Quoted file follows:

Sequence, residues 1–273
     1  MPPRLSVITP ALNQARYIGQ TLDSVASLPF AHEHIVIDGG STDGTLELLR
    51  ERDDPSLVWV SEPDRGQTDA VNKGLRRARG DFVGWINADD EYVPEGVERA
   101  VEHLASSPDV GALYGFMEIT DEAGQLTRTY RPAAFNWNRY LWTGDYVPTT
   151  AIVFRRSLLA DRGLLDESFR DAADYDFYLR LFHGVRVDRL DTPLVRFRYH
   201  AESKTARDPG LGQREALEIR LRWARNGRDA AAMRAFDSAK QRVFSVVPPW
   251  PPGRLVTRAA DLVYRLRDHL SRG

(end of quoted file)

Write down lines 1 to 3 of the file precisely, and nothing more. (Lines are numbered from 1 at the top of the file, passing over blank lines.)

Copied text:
Sequence, residues 1–273
     1  MPPRLSVITP ALNQARYIGQ TLDSVASLPF AHEHIVIDGG STDGTLELLR
    51  ERDDPSLVWV SEPDRGQTDA VNKGLRRARG DFVGWINADD EYVPEGVERA